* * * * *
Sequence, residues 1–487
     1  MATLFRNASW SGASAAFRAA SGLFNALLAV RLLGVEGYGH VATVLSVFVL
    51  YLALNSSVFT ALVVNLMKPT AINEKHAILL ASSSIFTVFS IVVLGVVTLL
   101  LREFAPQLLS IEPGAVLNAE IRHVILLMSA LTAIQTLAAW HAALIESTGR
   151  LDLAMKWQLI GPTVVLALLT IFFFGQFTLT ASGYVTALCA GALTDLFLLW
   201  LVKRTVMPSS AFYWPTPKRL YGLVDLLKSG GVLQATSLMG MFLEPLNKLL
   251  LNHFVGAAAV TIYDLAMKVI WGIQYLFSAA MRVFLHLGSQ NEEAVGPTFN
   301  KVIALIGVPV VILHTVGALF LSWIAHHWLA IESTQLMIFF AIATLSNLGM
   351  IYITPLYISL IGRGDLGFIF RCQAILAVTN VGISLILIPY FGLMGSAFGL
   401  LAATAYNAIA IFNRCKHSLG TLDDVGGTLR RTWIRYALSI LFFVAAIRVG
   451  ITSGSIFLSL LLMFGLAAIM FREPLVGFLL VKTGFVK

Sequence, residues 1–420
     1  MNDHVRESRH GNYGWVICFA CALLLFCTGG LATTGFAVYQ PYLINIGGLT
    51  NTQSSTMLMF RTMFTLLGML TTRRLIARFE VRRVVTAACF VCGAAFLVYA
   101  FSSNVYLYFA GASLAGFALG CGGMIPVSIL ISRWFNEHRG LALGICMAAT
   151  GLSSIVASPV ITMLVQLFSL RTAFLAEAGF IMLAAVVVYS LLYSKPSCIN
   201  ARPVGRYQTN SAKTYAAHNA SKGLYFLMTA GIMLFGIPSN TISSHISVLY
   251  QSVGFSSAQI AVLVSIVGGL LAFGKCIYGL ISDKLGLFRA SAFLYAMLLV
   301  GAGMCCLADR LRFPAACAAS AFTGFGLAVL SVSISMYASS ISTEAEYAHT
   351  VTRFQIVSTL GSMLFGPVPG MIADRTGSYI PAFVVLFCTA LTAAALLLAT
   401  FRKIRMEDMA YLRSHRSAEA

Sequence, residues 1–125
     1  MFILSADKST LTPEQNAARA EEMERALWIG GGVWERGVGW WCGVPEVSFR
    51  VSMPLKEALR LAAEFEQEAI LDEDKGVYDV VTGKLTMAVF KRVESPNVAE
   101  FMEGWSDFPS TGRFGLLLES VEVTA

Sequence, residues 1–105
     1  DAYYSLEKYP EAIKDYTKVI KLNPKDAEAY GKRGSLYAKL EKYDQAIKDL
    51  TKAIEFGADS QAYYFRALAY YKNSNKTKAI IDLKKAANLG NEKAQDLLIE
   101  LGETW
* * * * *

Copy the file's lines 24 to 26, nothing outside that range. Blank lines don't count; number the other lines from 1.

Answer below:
    51  VSMPLKEALR LAAEFEQEAI LDEDKGVYDV VTGKLTMAVF KRVESPNVAE
   101  FMEGWSDFPS TGRFGLLLES VEVTA

Sequence, residues 1–105